4 CALIFORNIA LAW REVIEW [Vol. 59: 12 In American jurisprudence, constitutional rules of transition have become the principal, almost the exclusive, focus of attention on intertemporal legal problems. The United States Constitution contains a number of relevant limitations. For example, a criminal law sanctioning conduct which was lawful when engaged in violates the prohibitions against ex post facto laws. 6 A state regulation which interferes with continuing legal relationships created by a contract entered into before the effective date of the statute is likely to run afoul of the obligation of contracts clause. 6 And a new law which materially affects the ownership of previously acquired property may constitute a prohibited deprivation of property without due process of law. 7 Within these constitutional limits, a new law operates in and through time according to the expressed or implied intent of its creators and the transitional rules employed by those who apply the law. 8 Legislative intertemporal techniques, such as "savings clauses,"1 9 or "grandfather is enforced differently according to the various times when events occurred and there has been reliance upon contemporaneous law, see Knetsch v. United States, 348 F.2d 392 (Ct. Cl. 1965). The equal protection argument is often phrased in terms of "class legislation." For example, in Muller v. Theodore Harem Brewing Co., 197 Minn. 68, 268 N.W. 204 (1936), the corporation was organized prior to the adoption of a new business corporation act in The 1933 act provided that it was not to be immediately applicable to pre-existing corporations, but that it would be conclusively presumed to be applicable to pre-existing corporations after one year unless a majority of the shareholders filed an election not to be bound by the new law. One shareholder, who wanted to take advantage of the cumulative voting provisions of the new act, contended that the exemption amounted to class legislationan arbitrary distinction between electing and nonelecting corporations. The court rejected plaintiff's contention almost summarily. Cf. French v. Cumberland Bank & Trust Co., 194 Va. 475, 74 S.E.2d 265 (1953), where a legislative modification of the vote required to change cumulative to straight voting was made applicable only to banks upon which cumulative voting had been imposed as a condition of a loan from the Reconstruction Finance Corporation. This application was held not to be class legislation over a claim by a shareholder who purchased prior to the legislative change. 5 U.S. CoNsT. art. I, 9, U.S. CONsT. art. I, 10[1]. 7 U.S. CoNsT. amends V & XIV, 1. 8 Sometimes the policy of the law implies an intent or purpose that it be applied to events preceding its enactment or to the continuing effects of those events (as in the instance of government contract renegotiation laws and mortgage moratorium legislation). When the issue is one of statutory interpretation and the legislature's intention has not been made explicit, the question presented to a court is whether the destruction or impairment of existing rights, privileges or obligations is material to the achievement of the statutory objectives. If not, a construction against retroactive application is to be preferred. 9 A savings clause preserves pre-existing law as to specified prior cases or situations. Legislatures often use the savings clause device to solve the intertemporal problem that arises when a change in the law, such as a repeal, would otherwise affect an accrued or filed cause of action. The federal statutory savings clause for repealing statutes is at 61 Stat. 635 (1947), 1 U.S.C. J 110 (1964). See generally LENHOFF, CASEs ON LEGISLATION ). An example of the need for such a savings clause is Coombes v. Franklin, 213 Cal. 164, HeinOnline Cal. L. Rev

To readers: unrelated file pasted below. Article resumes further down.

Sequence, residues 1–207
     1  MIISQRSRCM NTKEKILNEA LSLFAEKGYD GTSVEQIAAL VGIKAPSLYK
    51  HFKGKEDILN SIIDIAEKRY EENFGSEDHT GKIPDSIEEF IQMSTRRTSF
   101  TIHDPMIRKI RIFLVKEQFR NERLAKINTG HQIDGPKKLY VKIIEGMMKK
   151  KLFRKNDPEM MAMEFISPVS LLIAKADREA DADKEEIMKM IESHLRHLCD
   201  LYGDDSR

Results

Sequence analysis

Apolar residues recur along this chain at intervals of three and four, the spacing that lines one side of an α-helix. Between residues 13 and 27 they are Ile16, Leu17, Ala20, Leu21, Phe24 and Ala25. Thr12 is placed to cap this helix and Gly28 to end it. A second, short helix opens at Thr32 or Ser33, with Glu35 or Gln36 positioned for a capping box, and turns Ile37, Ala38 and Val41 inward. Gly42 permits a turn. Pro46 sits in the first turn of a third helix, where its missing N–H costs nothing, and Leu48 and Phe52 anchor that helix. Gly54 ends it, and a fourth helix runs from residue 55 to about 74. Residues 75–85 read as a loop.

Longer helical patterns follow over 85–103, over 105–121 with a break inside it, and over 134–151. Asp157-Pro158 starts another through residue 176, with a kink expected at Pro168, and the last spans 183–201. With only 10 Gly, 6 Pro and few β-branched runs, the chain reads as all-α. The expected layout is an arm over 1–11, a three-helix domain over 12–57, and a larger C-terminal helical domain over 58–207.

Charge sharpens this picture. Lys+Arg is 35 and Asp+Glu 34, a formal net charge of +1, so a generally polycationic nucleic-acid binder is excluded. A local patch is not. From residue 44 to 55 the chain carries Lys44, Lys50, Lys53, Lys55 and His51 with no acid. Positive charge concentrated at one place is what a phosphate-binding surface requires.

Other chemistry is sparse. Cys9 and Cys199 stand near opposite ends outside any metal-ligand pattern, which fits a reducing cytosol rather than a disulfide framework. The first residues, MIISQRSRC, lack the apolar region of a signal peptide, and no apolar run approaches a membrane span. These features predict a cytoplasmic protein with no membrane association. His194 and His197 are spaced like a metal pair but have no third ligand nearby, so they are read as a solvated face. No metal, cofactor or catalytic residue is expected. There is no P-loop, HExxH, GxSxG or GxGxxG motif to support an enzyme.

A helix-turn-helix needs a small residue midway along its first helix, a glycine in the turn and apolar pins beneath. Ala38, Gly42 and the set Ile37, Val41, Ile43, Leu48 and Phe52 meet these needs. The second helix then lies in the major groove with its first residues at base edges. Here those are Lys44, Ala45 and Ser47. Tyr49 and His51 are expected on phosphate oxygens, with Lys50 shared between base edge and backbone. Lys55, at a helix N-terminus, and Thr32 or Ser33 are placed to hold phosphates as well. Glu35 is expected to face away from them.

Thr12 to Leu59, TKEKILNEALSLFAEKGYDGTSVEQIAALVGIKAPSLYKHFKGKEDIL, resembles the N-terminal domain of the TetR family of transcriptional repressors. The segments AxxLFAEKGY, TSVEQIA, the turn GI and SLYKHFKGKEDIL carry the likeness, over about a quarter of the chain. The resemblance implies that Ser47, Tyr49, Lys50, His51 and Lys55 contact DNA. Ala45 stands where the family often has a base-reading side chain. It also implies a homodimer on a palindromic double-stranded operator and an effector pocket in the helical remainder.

5 19671 INTERTEMPORAL CONFLICTS clauses, 10 ameliorate the unfairness of laws which would otherwise be retroactive. Courts have developed exceptions to the usual disfavor with which retroactive legislation is viewed. Legitimating, validating or "curative" laws, as well as those which are found to be "clarificatory only," are 1 P.2d 992 (1931), rev'd sub nom., Coombes v. Getz, 285 U.S. 434 (1932). The United States Supreme Court there held that the repeal of 3 of article XII of the California Constitution, which imposed personal liability on corporate directors for money embezzled or misappropriated by corporate officers, could not prevent a creditor who had brought suit while 3 was in force from maintaining his suit. The creditor's vested property right or contractual claim was protected both by the obligation of contracts clause and the due process clause of the fourteenth amendment against "retroactive" application of the new California law. The Coombes case seems to put a priority on instigation of suit before a change in the law, but the opinions are not clear that it was filing the action rather than merely extending the credit under prior law that "vested" the creditor's right in application of 3 of article XIL The rigidity of Coombes and its viability as precedent has been questioned. See Slawson, Constitutional and Legislative Considerations in Retroactice Lawmaking, 48 CAM. L. Rlv. 216, 232 (1960). Cf. Meyer & Holler v. Ramona Village, 5 Cal. App. 2d 679, 43 P.2d 823 (1935), which held that the repeal of 3 of article XII, upon which the liability of shareholders of California corporations was predicated, did not relieve shareholders from liability previously incurred. A statutory savings clause was allegedly faulty. The court, however, citing Coombes v. Getz, supra, said that in any event the question of continuing liability was settled in favor of the creditors. The code now protects the rights of creditors in such situations by the successor to the statute involved in Meyer. See CA. CoRp. CoDE 126 providing that neither the enactment, amendment nor repeal of the corporation laws "shall take away or impair any liability or cause of action existing or incurred against any corportion, its shareholders, directors, or officers." But see Moss v. Smith, 171 Cal. 777, 155 Pac. 90 (1916), appeal dismissed sub nom., Moss v. Moore, 246 U.S. 654 (1918), where before plaintiff's judgment against directors for causing the corporation to incur debts in excess of its subscribed capital stock was made final, the statute creating the cause of action was repealed; the repeal was held to have abolished directors' liability. Express or implied abatement of pending criminal prosecutions by virtue of a repealing statute produces in effect the reverse of a savings clause-notwithstanding that the law in effect at the time of the act constituted a violation, subsequent prosecution, after the life of the prohibition has ended, is avoided. See, e.g., United States v. Chambers, 291 U.S. 217 (1934) (repeal of the eighteenth amendment by the twenty-first amendment abated prosecutions under the National Prohibition Act); Bell v. Maryland, 378 U.S. 226 (1964) (effect of intervening state statute on state convictions). A case involving implied abatement of state prosecutions by enactment of federal civil rights legislation is Hamm v. City of Rock Hill, 379 U.S. 306 (1964). But see Warring v. Colpoys, 122 F.2d 642 (D.C. Cir.), cert. denied, 314 U.S. 678 (1941). For related problems in administrative law, see Berger, Retroactive Administrative Decisions, 115 U. PA. L. REv. 371 (1967); Newman, Should Official Advice Be Reliable?- Proposals as to Estoppel and Related Doctrines in Administrative Law, 53 CoLum. L. REv. 374 (1953). 10 A grandfather clause preserves prior law as to entities or rights and liabilities formed previously. See, e.g., UxuroRua CoMMMzcIAL CODE (2): "Transactions validly entered into before the effective date specified in Section and the rights, duties and interests flowing from them remain valid thereafter and may be terminated, completed, consummated or enforced as required'or permitted by any statute or other law amended or repealed by this Act as though such repeal or amendment had not occurred." HeinOnline Cal. L. Rev